However, the transmission is one of the most complicated components of any vehicle. As a result, it’s no surprise that this relatively new transmission has developed a reputation for various problems. Some common issues to be aware of include rough shifting, failure to shift, and diminished performance.

The good news is that transmission concerns are some of the rarer Ford 7.3 gas problems. Transmissions are also covered under the powertrain warranty, meaning the dealer should cover any repairs or replacement costs for the first five years or 60,000 miles — whichever comes first.

Always pay attention to how your vehicle sounds and performs. If you notice any unusual noises, lags in shifting, or drop in performance, your transmission might be to blame. It never hurts to have your truck inspected by the dealer to check for transmission issues, especially if it is under warranty.

Stock Lifters and Cylinder Scoring

Lifters are vital in keeping things running smoothly inside your engine. The lifter is a cylinder that assists with the engine’s opening valves. Each cylinder has at least two lifters, one for the intake and another for the exhaust valve.

When lifters malfunction, it can impact the movement of the cylinders, leading to scoring. Think of scoring as scratches and discoloration on the piston and valve wall. If left unchecked, scoring can cause a piston to seize. Some signs of cylinder scoring include:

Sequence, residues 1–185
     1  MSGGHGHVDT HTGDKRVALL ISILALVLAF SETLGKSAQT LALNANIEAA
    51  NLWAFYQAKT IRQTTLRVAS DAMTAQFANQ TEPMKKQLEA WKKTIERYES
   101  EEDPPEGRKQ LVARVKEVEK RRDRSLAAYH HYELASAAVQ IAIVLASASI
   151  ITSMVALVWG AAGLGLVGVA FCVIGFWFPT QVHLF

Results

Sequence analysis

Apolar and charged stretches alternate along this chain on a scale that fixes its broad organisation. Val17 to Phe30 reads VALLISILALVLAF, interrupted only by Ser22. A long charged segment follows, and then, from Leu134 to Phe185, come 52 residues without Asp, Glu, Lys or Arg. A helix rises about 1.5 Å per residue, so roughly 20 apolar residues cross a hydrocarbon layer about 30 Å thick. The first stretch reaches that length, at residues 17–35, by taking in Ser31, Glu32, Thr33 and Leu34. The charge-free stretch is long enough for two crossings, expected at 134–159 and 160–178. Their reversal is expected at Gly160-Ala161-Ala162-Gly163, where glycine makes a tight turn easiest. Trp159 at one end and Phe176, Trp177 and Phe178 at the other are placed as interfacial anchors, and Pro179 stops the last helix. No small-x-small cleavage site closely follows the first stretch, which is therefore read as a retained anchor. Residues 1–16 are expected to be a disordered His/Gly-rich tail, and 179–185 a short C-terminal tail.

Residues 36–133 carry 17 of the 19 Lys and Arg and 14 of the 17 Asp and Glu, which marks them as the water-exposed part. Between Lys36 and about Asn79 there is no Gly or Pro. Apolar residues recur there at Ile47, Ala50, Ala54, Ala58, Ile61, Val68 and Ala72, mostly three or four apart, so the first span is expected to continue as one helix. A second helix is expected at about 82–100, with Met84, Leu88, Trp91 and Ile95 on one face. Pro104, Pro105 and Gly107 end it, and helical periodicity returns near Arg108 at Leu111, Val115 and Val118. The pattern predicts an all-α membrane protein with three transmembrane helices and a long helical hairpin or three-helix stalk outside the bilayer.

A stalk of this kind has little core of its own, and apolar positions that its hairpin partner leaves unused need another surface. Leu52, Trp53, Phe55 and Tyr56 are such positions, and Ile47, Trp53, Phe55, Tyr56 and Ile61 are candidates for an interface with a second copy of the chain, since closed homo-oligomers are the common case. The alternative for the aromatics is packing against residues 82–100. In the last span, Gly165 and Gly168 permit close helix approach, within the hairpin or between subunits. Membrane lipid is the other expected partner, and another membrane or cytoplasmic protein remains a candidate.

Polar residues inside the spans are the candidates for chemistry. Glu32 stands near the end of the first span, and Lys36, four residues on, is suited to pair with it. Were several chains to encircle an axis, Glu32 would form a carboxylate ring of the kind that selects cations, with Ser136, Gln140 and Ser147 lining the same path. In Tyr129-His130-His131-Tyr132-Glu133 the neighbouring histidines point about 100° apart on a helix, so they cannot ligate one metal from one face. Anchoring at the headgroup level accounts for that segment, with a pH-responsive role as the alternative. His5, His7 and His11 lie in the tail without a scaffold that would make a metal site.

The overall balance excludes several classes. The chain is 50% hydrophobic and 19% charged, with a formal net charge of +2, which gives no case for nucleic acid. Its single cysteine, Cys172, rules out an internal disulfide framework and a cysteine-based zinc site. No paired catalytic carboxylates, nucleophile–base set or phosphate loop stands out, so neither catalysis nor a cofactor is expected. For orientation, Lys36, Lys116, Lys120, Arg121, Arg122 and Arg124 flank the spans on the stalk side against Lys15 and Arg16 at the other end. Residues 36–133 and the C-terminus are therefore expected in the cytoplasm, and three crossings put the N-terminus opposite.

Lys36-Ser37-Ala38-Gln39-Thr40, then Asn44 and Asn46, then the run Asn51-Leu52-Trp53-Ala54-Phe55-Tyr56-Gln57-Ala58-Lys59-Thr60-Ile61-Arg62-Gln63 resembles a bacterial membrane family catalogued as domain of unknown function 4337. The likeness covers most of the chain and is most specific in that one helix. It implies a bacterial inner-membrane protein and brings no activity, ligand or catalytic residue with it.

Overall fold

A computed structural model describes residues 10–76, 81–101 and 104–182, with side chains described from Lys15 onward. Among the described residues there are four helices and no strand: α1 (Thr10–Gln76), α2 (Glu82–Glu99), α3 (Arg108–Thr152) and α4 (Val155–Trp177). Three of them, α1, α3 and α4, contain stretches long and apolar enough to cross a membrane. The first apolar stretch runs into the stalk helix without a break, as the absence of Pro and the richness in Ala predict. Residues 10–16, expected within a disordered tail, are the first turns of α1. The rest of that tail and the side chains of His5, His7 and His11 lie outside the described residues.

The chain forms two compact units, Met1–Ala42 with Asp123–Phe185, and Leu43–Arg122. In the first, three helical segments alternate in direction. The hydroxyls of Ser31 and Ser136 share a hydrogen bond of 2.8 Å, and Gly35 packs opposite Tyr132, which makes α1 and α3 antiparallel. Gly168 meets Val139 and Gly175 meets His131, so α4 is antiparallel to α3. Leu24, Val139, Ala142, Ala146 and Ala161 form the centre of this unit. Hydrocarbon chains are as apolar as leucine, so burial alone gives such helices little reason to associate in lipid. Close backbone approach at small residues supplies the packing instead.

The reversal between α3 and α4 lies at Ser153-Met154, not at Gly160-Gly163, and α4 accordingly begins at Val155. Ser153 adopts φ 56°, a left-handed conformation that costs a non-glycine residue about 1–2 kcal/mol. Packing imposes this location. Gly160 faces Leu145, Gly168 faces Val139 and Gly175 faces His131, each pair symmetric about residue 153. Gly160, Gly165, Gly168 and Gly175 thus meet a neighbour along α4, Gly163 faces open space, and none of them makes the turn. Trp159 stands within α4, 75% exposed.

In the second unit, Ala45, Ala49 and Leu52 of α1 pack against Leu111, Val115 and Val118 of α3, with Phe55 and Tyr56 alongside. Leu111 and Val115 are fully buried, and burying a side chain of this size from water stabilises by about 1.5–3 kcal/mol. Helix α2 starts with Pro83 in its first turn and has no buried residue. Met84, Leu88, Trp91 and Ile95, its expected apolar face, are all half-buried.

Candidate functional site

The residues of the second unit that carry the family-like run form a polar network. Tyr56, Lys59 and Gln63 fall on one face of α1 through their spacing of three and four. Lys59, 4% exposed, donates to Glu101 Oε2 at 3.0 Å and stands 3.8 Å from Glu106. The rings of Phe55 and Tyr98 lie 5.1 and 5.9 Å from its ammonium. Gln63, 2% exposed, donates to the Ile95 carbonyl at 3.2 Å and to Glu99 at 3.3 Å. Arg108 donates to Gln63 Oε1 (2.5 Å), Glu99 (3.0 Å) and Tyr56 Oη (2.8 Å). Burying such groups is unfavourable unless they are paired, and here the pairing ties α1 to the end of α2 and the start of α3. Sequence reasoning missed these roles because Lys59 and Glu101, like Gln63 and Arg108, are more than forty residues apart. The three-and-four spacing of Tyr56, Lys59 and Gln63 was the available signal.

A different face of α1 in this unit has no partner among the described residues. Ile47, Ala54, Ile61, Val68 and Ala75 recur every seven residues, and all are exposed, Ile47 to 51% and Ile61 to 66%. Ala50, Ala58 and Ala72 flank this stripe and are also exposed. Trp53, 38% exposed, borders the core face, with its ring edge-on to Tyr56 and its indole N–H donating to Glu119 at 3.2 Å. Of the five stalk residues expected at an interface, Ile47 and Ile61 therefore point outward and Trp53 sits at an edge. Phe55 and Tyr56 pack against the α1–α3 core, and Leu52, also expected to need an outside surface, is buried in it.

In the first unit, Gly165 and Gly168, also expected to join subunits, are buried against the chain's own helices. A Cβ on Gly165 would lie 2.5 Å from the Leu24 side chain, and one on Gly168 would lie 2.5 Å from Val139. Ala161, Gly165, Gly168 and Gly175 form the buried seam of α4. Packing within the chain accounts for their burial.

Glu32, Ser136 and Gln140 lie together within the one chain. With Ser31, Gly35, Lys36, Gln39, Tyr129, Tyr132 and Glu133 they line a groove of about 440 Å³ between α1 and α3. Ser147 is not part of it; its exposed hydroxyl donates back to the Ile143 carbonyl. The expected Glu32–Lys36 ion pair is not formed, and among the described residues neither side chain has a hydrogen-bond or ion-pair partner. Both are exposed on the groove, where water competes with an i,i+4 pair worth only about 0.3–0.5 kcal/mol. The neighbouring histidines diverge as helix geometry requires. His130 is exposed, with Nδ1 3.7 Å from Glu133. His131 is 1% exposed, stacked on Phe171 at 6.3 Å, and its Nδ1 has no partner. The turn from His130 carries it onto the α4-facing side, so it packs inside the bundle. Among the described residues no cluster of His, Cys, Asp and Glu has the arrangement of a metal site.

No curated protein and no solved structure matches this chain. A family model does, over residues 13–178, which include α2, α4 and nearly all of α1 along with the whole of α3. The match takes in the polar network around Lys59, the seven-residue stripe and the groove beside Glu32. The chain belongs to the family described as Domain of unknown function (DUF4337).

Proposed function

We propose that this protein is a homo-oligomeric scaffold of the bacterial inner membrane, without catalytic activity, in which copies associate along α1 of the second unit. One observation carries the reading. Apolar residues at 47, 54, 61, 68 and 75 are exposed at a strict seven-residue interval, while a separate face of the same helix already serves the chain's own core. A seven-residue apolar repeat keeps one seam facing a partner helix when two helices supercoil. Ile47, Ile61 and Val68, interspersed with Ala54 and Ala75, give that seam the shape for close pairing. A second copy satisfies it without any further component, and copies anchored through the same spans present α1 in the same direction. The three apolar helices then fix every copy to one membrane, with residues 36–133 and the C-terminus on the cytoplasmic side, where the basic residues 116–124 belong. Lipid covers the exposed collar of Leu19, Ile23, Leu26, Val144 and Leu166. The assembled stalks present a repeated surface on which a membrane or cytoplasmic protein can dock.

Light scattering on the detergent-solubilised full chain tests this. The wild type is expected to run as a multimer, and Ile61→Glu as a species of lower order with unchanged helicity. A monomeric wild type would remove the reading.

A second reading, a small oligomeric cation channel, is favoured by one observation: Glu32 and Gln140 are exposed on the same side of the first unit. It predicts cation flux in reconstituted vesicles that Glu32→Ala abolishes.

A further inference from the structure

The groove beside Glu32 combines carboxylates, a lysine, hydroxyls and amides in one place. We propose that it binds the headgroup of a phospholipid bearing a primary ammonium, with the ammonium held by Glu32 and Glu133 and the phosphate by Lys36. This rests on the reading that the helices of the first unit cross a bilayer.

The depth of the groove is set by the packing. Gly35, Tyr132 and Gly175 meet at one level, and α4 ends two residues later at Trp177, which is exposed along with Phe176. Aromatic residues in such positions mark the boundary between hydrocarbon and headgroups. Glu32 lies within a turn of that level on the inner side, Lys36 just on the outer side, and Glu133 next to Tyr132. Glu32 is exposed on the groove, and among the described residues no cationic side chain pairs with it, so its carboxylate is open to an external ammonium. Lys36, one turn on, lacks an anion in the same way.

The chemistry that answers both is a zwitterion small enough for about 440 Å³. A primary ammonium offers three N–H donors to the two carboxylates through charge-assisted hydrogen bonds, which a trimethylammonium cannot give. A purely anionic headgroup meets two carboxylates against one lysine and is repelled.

• Misfires
  • Soot in the engine oil
  • Increased oil consumption
  • Sooty tailpipes
  • Audible tick
  • Soot on your bumper

If your 7.3L engine seems to be burning through oil, ticking, and suffering from misfires, you’ve probably got a lifter issue. There is no fixing this one on your own. You’ll need to head to the dealer.

What they do next will depend on the severity of the problem. If the lifters are bad, they can replace them to prevent further scoring. However, if significant scoring has already occurred, they may have to rebore the cylinder or replace the engine altogether.

Whatever you do, don’t ignore signs of lifter failure. Scoring can be extremely costly or even impossible to fix in extreme cases. If your engine seizes, you’ll need a new one altogether. The dealer will cover warranty repairs. However, if you have to pay out-of-pocket for a new 7.3L engine, it’ll run you over $9,000, not counting labor.

Unsmooth Starting